Re: Ears under pressure. Was Re: Aquatic ape theory
Phillip Bigelow (email@example.com)
28 Oct 1995 14:43:09 -0700
firstname.lastname@example.org (H. M. Hubey) writes:
>>>So the evolution is in the direction of the adaptive/advantageous traits
>>>Among the most advantageous/adaptive (if not the most adaptive)
>>>is intelligence. That is the general direction of evolution.
>> If you tally the known types of organisms living on earth today, you will
>>notice that pea-brains out-number the big-brains by at least a thousand to
email@example.com (H. M. Hubey) retorted:
>What kind of an argument is that. We've taken over the world.
>WE can wipe out all mammals if we wanted to. If we don't do
Well Mark...aren't WE biocentric today...,
I think we are presently in the process of destroying our earth
environment. We are mining the hell out of the earth, destroying our
precious top-soil, polluting our groundwater, and over-breeding. Most of
the above-mentioned transgressions are a result of having a large brain. We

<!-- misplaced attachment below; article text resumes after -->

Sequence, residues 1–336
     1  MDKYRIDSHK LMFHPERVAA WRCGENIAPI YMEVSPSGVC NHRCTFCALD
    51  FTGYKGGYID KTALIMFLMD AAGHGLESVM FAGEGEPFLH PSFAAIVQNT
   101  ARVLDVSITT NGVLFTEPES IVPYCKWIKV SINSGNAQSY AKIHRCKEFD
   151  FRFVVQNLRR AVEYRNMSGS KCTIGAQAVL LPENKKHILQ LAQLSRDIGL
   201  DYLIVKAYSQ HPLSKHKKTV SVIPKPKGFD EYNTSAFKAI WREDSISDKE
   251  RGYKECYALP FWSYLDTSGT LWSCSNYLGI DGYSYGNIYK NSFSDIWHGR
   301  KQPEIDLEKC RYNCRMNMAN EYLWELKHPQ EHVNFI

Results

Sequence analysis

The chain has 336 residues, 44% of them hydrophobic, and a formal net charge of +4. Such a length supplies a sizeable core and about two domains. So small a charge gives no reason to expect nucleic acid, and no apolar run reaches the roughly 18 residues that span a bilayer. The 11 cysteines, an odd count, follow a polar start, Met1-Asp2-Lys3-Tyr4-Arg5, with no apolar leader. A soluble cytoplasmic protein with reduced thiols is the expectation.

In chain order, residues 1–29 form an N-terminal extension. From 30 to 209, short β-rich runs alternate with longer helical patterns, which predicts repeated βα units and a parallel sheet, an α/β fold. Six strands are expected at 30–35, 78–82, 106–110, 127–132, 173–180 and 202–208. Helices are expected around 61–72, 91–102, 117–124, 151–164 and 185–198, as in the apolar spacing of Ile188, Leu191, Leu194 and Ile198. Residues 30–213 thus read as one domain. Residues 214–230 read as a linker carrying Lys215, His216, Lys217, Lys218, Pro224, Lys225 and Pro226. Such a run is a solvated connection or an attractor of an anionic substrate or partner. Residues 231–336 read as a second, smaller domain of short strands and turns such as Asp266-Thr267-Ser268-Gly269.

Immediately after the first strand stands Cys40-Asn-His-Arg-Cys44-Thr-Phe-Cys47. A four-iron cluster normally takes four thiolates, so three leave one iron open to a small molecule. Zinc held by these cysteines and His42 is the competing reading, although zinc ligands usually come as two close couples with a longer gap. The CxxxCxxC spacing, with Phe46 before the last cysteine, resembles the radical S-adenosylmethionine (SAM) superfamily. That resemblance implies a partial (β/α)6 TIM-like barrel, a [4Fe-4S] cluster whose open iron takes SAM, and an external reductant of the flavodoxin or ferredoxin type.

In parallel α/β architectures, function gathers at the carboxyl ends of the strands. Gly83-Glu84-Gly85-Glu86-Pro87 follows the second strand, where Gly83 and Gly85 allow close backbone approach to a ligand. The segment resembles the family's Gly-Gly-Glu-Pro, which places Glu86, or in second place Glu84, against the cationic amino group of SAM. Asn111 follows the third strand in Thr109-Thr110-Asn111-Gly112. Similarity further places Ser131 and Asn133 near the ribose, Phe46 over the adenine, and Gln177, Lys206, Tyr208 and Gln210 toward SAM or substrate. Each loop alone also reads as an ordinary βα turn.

are the first species to possess high cognitive intelligence, which makes us
an "experiment" of nature. We have been around as a family for around 5
million years. The jury is still out on whether we will survive.
The dinosaurs were a good land vertebrate sucess story in the
history of the world. They lived for 150 million years. Frogs have been
more successful: 180 million years. The greatest land
ANIMAL success story would be the bacteria. They have been around for a
couple billion years. Compare that to hominidae's 5 million year history
and you get humbled very quickly. Besides, bacteria and dinosaurs didn't
pollute themselves out of business.
The best yardstick for measuring evolutionary "succuss" is to look at
temporal range of an organism. Big brains don't necessarily mean longevity. We
lab-rats haven't been around long enough. And, no...I DON'T subscribe to
the ego-centric diatribe in Genesis, that suggests we were put here to
subdue the earth and everything on it.